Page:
HUNTSVILLE, TX — On November 1, 1980, the nude body of a girl, estimated to be between the ages of 14 and 20, was found lying face-down by a passing truck driver on Interstate Highway 45.
The driver called police, and investigators estimated that the victim had been dead for around six hours, placing the time of death at about 3 A.M.
The victim, who would eventually be known as the “Walker County Jane Doe,” had been strangled with pantyhose — and fragments of the hose were lodged in her vaginal cavity, along with her underwear.
She also had multiple bruises, a visible bite mark on her right shoulder, and had been sexually assaulted with a large, blunt instrument. It was not known if she had been raped, since there was no evidence at the scene.
Police say that the victim was between five feet and five foot five inches in height, and weighed between about 105 and 115 pounds.
Her eyes were a hazel color, and her hair was long and reddish brown. She had a distinctive scar above her right eyebrow, and her right nipple was inverted.
Investigators believe that the young woman was from a middle-class household, due to the fact that she had evidence of dental work. Her ears were pierced, and her toenails had been painted pink.
Police recovered a pair of high-heeled red leather sandals with light brown straps that she had been seen carrying from the scene, but the rest of her clothing was missing — except for a rectangular brown pendant containing a smoky blue or brown glass stone on a thin gold chain necklace, which was found around her neck.
Inmates and staff members at the Ellis Prison Farm were shown photos of the victim, but none could identify her. Despite a lengthy investigation, police were unable to locate a match for her.
On January 16, 1981, the body was buried at Oakwood Cemetery, located in the town she was found, under a donated tombstone.
Over the years, several theories have been proposed as to the identity of her killer: Some believe that she was killed by the same perpetrator as a victim nicknamed “Orange Socks,” who had been murdered almost exactly a year before “Doe” and found in Georgetown, Texas.
Others have named serial killer Henry Lee Lucas as a suspect, but the bite marks on the victim’s shoulder could not be matched to Lucas’ dental charts.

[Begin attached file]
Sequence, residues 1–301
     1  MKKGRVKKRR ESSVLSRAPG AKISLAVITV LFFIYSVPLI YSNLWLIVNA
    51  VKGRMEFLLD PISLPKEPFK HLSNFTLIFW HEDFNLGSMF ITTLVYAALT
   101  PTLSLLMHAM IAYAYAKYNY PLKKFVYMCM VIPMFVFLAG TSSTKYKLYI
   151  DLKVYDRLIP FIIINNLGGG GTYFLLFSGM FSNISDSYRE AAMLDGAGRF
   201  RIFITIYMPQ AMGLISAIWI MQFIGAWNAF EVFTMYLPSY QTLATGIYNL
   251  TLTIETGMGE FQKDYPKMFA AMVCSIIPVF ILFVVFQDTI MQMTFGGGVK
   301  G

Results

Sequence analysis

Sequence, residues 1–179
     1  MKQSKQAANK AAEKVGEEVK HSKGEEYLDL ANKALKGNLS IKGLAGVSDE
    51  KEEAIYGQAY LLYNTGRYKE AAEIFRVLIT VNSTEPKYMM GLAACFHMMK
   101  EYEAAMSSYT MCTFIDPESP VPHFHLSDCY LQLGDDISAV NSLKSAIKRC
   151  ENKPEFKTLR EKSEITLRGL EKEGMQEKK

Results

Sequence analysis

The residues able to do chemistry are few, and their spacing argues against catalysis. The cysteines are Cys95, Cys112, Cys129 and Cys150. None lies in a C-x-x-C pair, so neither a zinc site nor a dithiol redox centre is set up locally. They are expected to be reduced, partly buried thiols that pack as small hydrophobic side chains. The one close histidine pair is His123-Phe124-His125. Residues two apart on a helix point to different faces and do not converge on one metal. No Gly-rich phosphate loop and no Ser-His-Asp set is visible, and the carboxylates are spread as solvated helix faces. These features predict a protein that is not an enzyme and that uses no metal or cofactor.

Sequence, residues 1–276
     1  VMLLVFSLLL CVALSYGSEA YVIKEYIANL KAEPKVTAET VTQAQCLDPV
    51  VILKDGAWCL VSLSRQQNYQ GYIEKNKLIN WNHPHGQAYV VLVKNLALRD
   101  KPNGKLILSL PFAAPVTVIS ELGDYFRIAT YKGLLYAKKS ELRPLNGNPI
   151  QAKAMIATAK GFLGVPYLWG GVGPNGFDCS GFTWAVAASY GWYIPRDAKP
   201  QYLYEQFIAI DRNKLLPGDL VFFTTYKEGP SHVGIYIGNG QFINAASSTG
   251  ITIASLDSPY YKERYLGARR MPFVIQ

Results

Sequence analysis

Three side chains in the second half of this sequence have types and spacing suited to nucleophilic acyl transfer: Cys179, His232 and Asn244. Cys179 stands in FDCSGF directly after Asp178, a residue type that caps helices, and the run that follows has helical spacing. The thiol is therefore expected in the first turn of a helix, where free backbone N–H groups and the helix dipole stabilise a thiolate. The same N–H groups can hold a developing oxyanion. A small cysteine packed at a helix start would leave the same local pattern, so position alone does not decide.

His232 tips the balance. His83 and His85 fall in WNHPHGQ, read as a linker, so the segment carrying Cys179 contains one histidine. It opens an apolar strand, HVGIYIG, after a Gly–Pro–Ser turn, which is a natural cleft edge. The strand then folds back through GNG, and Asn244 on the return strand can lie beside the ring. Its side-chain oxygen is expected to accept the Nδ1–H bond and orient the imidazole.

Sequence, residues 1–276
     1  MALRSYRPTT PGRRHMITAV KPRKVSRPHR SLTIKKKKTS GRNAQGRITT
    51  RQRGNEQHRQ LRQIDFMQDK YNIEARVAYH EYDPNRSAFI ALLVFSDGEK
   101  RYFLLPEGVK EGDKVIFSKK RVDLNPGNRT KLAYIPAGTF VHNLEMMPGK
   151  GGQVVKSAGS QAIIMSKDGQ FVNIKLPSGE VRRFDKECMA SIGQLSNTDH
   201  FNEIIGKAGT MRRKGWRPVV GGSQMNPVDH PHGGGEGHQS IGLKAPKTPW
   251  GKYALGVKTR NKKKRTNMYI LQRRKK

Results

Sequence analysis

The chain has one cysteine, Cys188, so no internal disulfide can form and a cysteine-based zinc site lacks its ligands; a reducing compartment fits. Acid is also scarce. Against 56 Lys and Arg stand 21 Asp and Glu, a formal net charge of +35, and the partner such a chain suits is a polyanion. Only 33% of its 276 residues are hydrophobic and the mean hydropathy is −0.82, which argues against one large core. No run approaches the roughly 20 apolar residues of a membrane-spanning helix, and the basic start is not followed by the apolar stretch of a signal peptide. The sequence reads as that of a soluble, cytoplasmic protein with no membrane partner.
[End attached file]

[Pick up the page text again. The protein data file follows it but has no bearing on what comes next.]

Some have even voiced their belief that the girl may have been murdered by a female.
Over the years, several forensic facial reconstructions of Walker County Jane Doe have been created, including two from the National Center For Missing & Exploited Children.
The remains were exhumed in 1999 to obtain DNA samples, and investigators have reached out to the public through various news and television reports in hopes to generate leads.
In November 2015, the case was officially reopened — and in December of the same year, a photograph surfaced, taken in 1980, of a 14-year-old white female, 5 foot four in height, a possible runaway named “Cathleen” or “Kathleen” from Corpus Christi, Texas.
The photograph of Cathleen came from a collection of a brother and sister who were 12 and 10 at the time and who had met her in a motel in Beeville, Texas, in summer 1980. The siblings believe that the girl they met could be the Walker County Jane Doe, and have posted images of her on the Facebook page, “Who Was Walker County Jane Doe?”
To this day, she has yet to be identified.
If you are in search of a missing person, make sure to enter their information into the database of the National Missing and Unidentified Persons System.
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Main photo: Most recent reconstruction of the victim by the National Center for Missing & Exploited Children